At this point in my reading, I couldn’t help but be a little frustrated with Adams and his sometimes seemingly hypocritical views. He despises pictorialism, but admits to heavily editing his photos in the darkroom for artistic purposes and praises Picasso. So is it only certain techniques he’s against, or the degree to which they’re used?
Adams also downplays several photographers who are still praised as legends of the craft even today, including Diane Arbus, who, yes is a controversial photographer who allegedly had a lifelong incestual relationship with her brother… but to say that social commentary in photography should be depicted as more idealistic is laughable at best.
Finally, the entire interview seems in poor taste. Not because of my views of Playboy, but because of his. He said it from the start in his autobiography: to him, Playboy is “grossly sexist” and he even insults the magazine during the Q&A. He did an interview with a magazine featuring the nude body as entertainment when he doesn’t even agree with it as an art form. And he did it because he thought he could reach a new audience. If you ask me, it sounds like a politician’s move.
Adams does, however, take some time to educate the reader on the environment and his concerns with national parks, and when asked what the critical fight is at the time, he says the entire environment.
“We are not just talking about saving scenery,” Adams says. “We are talking about the immediate future of our world.”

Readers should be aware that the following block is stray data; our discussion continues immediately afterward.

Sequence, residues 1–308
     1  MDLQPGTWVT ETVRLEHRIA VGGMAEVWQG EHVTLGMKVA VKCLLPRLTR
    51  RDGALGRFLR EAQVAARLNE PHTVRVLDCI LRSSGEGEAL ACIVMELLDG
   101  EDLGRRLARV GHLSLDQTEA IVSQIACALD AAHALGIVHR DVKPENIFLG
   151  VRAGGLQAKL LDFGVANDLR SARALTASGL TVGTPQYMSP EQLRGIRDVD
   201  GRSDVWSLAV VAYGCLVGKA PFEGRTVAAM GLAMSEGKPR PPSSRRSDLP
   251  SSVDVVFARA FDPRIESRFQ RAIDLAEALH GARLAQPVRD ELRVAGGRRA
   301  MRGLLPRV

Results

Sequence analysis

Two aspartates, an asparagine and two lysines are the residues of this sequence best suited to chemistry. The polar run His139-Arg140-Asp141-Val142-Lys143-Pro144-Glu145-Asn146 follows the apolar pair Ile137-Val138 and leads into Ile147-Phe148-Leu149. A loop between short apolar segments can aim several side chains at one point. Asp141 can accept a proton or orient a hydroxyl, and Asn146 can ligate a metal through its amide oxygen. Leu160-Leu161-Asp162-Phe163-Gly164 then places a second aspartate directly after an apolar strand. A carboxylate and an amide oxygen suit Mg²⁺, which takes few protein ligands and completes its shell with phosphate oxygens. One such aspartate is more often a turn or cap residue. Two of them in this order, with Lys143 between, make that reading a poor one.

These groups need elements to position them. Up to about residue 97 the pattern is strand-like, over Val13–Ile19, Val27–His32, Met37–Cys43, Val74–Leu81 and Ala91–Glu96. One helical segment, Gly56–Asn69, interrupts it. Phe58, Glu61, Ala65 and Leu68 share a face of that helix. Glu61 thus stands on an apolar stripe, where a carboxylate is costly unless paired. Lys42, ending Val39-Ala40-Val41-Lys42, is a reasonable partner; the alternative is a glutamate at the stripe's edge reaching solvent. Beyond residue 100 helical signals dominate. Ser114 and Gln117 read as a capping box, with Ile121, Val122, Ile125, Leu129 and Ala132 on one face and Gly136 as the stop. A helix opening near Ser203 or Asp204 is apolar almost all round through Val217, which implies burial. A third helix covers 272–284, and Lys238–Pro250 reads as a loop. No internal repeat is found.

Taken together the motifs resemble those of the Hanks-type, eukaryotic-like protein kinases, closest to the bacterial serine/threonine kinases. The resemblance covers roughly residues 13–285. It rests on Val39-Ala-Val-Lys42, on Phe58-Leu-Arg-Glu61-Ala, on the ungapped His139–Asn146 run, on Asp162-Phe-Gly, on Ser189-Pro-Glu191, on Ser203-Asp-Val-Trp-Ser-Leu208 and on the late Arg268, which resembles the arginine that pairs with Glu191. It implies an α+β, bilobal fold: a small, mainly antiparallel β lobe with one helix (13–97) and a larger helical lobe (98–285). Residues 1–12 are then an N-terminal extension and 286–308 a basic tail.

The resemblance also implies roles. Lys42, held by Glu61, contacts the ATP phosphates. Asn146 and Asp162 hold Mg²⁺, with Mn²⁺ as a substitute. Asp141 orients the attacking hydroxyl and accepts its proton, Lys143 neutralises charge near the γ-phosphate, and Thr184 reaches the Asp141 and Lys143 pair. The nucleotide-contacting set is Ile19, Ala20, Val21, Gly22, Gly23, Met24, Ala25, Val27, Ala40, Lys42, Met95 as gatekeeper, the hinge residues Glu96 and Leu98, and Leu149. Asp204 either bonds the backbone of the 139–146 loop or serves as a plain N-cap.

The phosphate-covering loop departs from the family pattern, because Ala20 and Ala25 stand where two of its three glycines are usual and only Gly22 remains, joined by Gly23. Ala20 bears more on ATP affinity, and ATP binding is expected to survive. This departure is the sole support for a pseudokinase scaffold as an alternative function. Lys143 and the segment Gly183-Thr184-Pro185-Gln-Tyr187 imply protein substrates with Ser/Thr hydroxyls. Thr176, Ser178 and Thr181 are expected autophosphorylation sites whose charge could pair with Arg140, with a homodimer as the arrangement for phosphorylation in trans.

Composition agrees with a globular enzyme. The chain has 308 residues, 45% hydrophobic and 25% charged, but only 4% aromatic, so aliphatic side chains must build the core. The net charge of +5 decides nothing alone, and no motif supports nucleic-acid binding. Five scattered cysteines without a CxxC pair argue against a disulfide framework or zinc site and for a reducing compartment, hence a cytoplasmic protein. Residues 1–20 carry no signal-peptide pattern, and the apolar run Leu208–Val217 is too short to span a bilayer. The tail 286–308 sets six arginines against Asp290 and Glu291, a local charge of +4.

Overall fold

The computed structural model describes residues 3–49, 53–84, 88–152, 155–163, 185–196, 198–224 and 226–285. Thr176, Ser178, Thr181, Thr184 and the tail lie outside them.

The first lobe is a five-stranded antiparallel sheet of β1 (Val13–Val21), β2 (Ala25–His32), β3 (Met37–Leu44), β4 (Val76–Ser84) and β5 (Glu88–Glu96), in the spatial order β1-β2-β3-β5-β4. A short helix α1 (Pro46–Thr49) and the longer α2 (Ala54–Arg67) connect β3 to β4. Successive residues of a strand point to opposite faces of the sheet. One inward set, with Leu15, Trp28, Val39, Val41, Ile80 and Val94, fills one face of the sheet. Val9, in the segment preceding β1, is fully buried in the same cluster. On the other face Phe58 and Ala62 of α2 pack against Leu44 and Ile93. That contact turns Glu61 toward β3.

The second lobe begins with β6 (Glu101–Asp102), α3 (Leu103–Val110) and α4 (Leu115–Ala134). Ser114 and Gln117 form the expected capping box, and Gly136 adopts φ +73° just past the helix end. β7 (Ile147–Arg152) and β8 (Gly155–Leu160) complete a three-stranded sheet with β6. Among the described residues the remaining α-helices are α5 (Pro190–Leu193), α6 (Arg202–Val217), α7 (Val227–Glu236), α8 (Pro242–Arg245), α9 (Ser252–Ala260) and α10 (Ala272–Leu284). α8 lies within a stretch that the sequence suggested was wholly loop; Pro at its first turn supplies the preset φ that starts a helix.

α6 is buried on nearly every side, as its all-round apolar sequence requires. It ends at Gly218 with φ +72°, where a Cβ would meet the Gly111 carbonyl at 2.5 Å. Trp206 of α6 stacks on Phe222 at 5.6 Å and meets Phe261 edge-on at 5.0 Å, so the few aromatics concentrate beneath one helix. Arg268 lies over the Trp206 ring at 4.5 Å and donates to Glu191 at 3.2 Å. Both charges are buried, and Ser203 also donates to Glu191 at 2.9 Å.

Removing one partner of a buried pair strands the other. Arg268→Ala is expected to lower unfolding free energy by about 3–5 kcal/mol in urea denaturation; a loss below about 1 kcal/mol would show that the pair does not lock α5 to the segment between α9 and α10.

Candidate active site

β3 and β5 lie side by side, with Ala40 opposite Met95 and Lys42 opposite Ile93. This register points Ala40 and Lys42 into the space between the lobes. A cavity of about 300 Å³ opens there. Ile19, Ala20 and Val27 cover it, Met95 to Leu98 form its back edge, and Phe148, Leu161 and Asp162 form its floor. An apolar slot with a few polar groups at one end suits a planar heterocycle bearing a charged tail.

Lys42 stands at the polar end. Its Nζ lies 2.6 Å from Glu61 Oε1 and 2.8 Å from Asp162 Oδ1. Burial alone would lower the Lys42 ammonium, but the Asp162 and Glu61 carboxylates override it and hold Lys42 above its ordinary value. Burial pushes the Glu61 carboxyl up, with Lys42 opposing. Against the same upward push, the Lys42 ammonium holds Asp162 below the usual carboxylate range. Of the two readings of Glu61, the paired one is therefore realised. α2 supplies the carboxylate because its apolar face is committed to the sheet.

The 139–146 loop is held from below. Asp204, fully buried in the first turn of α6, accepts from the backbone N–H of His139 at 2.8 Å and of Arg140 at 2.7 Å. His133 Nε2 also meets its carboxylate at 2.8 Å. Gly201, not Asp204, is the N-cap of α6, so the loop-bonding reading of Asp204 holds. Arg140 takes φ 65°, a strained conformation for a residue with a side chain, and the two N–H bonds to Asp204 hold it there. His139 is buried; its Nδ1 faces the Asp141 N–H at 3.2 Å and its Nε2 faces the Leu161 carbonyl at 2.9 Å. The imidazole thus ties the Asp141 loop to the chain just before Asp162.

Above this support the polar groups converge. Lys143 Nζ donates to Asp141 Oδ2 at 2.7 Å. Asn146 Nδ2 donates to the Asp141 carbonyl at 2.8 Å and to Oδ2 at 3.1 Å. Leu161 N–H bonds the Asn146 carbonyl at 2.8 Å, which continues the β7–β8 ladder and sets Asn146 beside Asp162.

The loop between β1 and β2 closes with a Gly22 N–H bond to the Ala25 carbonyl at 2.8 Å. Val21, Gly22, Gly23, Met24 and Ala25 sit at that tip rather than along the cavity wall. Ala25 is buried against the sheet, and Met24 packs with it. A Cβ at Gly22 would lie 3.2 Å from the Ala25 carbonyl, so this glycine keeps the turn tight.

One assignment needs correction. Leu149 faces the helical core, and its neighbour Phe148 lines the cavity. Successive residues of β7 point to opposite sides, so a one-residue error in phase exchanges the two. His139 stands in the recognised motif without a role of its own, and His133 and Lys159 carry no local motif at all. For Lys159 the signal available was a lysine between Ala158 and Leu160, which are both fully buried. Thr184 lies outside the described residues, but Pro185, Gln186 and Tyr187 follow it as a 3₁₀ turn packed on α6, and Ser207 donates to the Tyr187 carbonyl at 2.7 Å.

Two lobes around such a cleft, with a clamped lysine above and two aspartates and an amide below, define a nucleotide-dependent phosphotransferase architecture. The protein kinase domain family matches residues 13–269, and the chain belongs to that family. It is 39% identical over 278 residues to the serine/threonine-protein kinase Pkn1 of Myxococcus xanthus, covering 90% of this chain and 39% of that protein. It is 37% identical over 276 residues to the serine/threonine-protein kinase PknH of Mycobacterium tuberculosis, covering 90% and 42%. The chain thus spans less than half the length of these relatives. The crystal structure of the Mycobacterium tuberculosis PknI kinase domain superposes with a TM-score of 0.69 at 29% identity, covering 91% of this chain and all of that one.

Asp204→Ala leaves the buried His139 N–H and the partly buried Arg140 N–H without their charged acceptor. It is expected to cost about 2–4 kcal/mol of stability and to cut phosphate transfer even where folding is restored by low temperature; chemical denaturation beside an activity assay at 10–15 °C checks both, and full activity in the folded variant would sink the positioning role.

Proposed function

He mentions experts talking about potential water shortages in America’s southwest as soon as in the nineties, saying “The supply from the Colorado River could drop to a dangerous point.”
That statement is now a reality.
“When Watt and the Reagan Administration try to convince the people that environmental issues are bourgeois and play the environmental issues against the economic ones, they’re consciously deceiving the American people,” Adams says. “It would be merely pathetic if the consequences weren’t so disastrous.”
The fallout from this interview would go straight to the White House. In June, Adams received a phone call from Reagan’s assistant saying “The president would like to meet with you and discuss why you dislike him.”
Meet with him Adams did on June 30th for almost an hour. In the meeting, the president spoke at length about his accomplishments as a self-proclaimed environmentalist. The two reportedly didn’t see eye to eye on almost every issue, except nuclear power. While Adams was against nuclear arms, he was in favor of nuclear energy, a point of controversy among his peers.
Adams Predicted the Rise of Digital Photography
Whether you agree with his views on politics and photography or not, you cannot deny his strikingly accurate prediction of the future of photography. When asked what he sees coming in photography, he had this to say:
“There’s no end in sight. Electronic photography will soon be superior to anything we have now. The first advance will be the exploration of existing negatives. I believe the electronic process will enhance them. I could get superior prints from my negatives using electronics.
“Then the time will come when you will be able to make the entire photograph electronically. With the extremely high resolution and enormous control you can get from electronics, the results will be fantastic. I wish I were young again!”
Adams would of course not be around for the electronic age, as he would die the following year. History records him as the man who laid the groundwork for countless photographers, and many of his images are now iconic in our world today.
About the author: Azriel Knight is a photographer and YouTuber based in Calgary, Alberta, Canada. The opinions expressed in this article are solely those of the author. You can find Knight’s photos and videos on his website, Twitter, Instagram, and YouTube.